According to the National Capital Poisoning Center, the most common poison exposures for young children over age 6 and adults, in 2013, were:

  • Cosmetics/personal care products
  • Cleaners
  • Pain medications
  • Foreign bodies
  • Topical medicines
  • Vitamins
  • Antihistamines
  • Batteries
  • Plants and mushrooms
  • Antimicrobials
  • Pesticides
  • Arts/crafts/office supplies
  • Gastrointestinal preparations

The Explosive Increase in Drug Poisoning Cases

Prescription drug abuse in the United States has increased by epidemic proportions in recent years, according to the Centers for Disease Control (CDC). Forty-four people die in the U.S. each day from prescription drug overdose, and the number of drugs prescribed every year has quadrupled since 1999, even though there have not been documented increases in the amount of pain Americans reported during that period.

Opioids and benzodiazepines are leading the charge in the terms of overdose cases. The most commonly abused opioid drugs are:

  • Hydrocodone (such as Vicodin)
  • Oxycodone (such as OxyContin)
  • Methadone
  • Oxymorphone (such as Ophana)

Opioids and benzodiazepines, such as Valium, are typically used to treat moderate-to-severe pain. They’re often prescribed after a surgery or illness, or to treat pain associated with cancer. In recent years doctors have been more liberal about prescribing these drugs for non-cancer pain, however. In 2013 nearly two million Americans abused prescription painkillers, according to the CDC, and thousands of people wind up in the emergency room every day for using these drugs in a manner other than prescribed.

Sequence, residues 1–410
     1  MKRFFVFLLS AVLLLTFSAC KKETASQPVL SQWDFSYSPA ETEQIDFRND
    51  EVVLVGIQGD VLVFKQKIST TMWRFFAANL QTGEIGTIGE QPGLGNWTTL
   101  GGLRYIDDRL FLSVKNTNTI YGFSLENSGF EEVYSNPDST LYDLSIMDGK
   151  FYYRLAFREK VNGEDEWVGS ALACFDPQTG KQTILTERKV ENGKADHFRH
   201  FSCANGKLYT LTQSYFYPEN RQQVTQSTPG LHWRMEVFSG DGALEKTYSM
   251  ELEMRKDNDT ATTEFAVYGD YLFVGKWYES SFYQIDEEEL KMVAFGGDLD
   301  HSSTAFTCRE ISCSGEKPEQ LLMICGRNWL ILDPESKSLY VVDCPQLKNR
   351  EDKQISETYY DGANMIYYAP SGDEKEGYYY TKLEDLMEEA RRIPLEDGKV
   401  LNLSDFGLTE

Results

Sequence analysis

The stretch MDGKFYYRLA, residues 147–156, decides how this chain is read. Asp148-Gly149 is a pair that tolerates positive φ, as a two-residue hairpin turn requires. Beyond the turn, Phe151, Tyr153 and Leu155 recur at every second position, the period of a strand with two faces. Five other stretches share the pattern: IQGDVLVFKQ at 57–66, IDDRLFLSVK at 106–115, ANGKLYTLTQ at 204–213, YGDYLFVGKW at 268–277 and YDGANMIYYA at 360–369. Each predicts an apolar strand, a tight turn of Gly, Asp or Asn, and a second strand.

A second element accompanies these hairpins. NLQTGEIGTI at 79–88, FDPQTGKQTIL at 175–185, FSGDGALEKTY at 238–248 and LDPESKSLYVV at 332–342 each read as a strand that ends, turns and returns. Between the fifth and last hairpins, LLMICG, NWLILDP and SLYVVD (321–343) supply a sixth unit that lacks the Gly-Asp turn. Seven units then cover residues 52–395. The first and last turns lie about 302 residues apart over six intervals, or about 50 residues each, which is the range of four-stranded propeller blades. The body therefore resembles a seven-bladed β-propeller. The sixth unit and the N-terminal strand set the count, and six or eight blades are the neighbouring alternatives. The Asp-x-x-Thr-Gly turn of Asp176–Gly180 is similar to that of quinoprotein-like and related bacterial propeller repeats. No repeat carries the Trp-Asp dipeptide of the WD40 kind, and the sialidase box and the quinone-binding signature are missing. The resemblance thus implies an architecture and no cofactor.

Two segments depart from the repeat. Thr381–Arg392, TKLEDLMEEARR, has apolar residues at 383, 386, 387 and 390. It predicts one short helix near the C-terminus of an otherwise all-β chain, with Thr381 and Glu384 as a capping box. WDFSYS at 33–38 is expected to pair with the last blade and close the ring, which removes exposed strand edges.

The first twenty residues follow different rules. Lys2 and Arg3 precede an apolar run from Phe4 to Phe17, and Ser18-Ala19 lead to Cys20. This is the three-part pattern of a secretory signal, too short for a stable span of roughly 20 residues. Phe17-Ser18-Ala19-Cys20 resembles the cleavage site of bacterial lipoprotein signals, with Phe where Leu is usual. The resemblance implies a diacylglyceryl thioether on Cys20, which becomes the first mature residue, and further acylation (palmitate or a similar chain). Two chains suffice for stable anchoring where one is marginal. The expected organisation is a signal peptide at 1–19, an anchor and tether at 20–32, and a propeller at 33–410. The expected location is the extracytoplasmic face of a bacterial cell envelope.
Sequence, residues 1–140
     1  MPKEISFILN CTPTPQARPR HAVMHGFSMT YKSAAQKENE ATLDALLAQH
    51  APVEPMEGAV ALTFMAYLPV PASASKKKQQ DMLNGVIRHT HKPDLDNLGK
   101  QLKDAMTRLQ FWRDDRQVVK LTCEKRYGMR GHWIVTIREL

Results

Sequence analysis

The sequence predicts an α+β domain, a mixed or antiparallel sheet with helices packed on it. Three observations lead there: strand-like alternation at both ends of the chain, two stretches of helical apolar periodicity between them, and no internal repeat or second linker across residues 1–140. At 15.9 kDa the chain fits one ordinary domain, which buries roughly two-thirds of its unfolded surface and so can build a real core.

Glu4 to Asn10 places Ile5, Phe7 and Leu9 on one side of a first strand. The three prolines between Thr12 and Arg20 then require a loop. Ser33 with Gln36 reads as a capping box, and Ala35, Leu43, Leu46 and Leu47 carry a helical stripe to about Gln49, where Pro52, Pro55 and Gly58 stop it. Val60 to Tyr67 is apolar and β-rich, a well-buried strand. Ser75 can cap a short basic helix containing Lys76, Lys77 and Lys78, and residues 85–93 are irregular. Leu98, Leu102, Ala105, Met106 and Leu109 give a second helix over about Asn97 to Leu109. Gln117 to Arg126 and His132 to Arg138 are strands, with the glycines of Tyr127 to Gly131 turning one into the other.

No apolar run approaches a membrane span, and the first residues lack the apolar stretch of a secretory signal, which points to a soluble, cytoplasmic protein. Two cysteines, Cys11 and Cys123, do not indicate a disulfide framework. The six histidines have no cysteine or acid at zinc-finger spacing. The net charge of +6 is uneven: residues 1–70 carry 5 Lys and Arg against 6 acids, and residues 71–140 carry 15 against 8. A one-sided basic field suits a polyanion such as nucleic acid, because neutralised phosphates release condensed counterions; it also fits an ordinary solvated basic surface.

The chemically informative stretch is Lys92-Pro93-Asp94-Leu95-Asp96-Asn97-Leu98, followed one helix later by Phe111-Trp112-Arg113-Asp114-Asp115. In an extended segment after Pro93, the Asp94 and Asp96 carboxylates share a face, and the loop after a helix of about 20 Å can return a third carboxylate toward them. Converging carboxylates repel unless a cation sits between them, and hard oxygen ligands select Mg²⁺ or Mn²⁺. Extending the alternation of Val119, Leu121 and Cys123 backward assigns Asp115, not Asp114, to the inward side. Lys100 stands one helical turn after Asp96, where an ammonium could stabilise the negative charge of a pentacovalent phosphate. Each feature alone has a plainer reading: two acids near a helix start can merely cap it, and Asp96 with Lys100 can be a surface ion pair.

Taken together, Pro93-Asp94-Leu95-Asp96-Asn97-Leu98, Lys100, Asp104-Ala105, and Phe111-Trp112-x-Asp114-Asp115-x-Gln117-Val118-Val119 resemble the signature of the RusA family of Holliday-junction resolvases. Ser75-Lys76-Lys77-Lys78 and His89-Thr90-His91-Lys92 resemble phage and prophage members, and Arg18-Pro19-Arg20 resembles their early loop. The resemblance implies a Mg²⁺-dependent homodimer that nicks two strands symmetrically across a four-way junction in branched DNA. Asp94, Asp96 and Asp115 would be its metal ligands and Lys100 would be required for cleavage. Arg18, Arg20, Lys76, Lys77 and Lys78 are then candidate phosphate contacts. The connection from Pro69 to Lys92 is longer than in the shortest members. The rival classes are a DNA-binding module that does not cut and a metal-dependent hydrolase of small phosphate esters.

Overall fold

The good news is painkiller prescription rates have leveled off since 2010, and painkiller-related deaths are declining.

Clinical toxicologists play an important role in identifying which drugs are involved in overdose cases. They work in a variety of settings, including hospitals, and help emergency room physicians save lives.

A Brief History of Toxicology

Toxicology has a colorful history, especially in Medieval and Renaissance Europe. Rulers used royal “tasters” to test their food for poison (which didn’t always turn out well for the tasters!). By the 15th Century, poisoning had become a normal hazard of life—in Italy, Venice’s city council regularly put out poisoning “contracts” on political enemies, and the Borgias practiced “applied toxicology,” killing husbands, wives, lovers, political opponents, etc. Catherine de Medici was known to have poisoned the poor and the sick under the guise of feeding and “assistance.”

“The Dose Makes the Poison”

This quote was made famous by Paracelsus, a Swiss-German Renaissance physician known as the “father of toxicology.” Paracelsus developed the concept of dose and determined that that poison’s effects are a result of “toxicons.”

The “father of modern toxicology” is Orfila, who served as the personal physician to Louis XVIII. Orfila transformed toxicology into a science, compiling chemical and biological information on most known poisons—information that is still used today.

Toxicology in Modern Times

Today our understanding of toxicology has expanded enormously. Toxicology now includes many specialty areas, including clinical toxicology, forensic toxicology, industrial toxicology, environmental toxicology, product development toxicology, and many others. Toxicologists are essential to public health, helping to protect people, animals, and the environment every day.